Herald. Thy flashing ebony eyes, locks black and glowing,
More radiant from the jewelled diadem!
And what a graceful robe doth stream
From shoulder down to buskin flowing,
With glittering gaud and purple hem!
Now might we flouting "Maiden!" deem thee,
Yet, good or ill as it might be,
Already maidens would esteem thee.
They'd teach thee soon thine A B C.
Boy Charioteer. And yonder one, in splendour glowing,
Who proudly sits on chariot throne?
Herald. A king he seems, of wealth o'erflowing;
Happy the man who has his favour won!
He has naught more to earn and capture,
He swift espies where aught's amiss,
And has in giving more pure rapture
Than in possessing and in bliss.
Boy Charioteer. To stop with this will not avail;
Thou must describe him in far more detail.
Herald. There's no describing Dignity.
The healthy, full-moon face I see,
The lips so full, the cheeks so blooming
Beneath the turban's beauty looming,
The flowing robe he's richly wearing-
What shall I say of such a bearing?
He seems a ruler known to me.
Boy Charioteer. Plutus, the god of wealth, is he.
Hither he comes in gorgeous trim;
Sorely the Emperor longs for him.
Herald. Now thine own What and How relate to me!
Boy Charioteer. I am Profusion, I am Poesy!
The poet who's attained his goal
When he's poured out his inmost soul.
I too am rich with untold pelf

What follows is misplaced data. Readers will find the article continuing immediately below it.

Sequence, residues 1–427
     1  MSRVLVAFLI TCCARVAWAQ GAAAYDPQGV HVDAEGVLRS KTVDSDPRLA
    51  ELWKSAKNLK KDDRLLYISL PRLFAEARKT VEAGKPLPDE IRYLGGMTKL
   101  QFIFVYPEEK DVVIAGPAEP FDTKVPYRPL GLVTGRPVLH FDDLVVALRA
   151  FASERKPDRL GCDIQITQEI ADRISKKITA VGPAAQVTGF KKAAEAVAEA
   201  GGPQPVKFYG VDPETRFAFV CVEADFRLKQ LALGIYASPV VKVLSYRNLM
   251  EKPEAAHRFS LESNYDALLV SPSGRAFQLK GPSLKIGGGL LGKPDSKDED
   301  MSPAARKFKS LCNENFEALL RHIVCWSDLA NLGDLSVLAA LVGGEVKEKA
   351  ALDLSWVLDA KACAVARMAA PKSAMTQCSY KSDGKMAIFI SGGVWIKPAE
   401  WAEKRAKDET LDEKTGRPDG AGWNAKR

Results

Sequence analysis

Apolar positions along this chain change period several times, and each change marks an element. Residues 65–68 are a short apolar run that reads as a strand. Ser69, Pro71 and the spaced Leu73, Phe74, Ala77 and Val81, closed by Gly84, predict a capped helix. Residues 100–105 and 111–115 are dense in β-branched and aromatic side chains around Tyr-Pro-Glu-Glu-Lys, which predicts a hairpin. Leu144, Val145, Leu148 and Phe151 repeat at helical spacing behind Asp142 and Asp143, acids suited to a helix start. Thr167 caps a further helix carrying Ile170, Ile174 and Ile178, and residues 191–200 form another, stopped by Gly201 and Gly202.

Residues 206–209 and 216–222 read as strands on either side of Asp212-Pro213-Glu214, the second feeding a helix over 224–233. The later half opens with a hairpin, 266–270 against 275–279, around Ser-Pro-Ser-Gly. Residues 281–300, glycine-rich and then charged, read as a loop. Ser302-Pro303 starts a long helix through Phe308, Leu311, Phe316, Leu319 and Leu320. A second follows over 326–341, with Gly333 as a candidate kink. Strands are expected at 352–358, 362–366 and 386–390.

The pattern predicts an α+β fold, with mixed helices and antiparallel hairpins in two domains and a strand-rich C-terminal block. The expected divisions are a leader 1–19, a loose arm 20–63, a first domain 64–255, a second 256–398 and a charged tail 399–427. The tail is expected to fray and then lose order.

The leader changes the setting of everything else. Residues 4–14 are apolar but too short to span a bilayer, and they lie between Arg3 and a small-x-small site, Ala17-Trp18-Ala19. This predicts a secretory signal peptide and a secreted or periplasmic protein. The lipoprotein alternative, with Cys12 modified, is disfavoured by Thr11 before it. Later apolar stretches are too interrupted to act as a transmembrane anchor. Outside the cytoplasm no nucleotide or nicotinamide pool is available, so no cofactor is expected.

And value me the peer of Plutus' self,
Adorn, enliven, make his revels glow;
And what he lacks, that I bestow.
Herald. Bragging becomes thee charmingly,
But now thine arts, pray, let us see.
Boy Charioteer. Here see me snap my fingers. Lo!
Around the chariot gleam and glow!
And now a necklace of pearls appears!

[Continuing to snap his fingers in every direction.]

Here spangled gold for neck and ears
And flawless comb and coronet
And rings with precious jewels set.
Flamelets I scatter too in turn,
Waiting to see where they may burn.
Herald. How the dear mob is snatching, seizing,
Even the giver almost squeezing!
Dream-like he's scatt'ring gems where all
Are snatching in the spacious hall.
But what is this? A brand-new juggle!
However busily one snatch and struggle,
His trouble really does not pay;
The gifts take wing and fly away.
The pearls are loosened from their band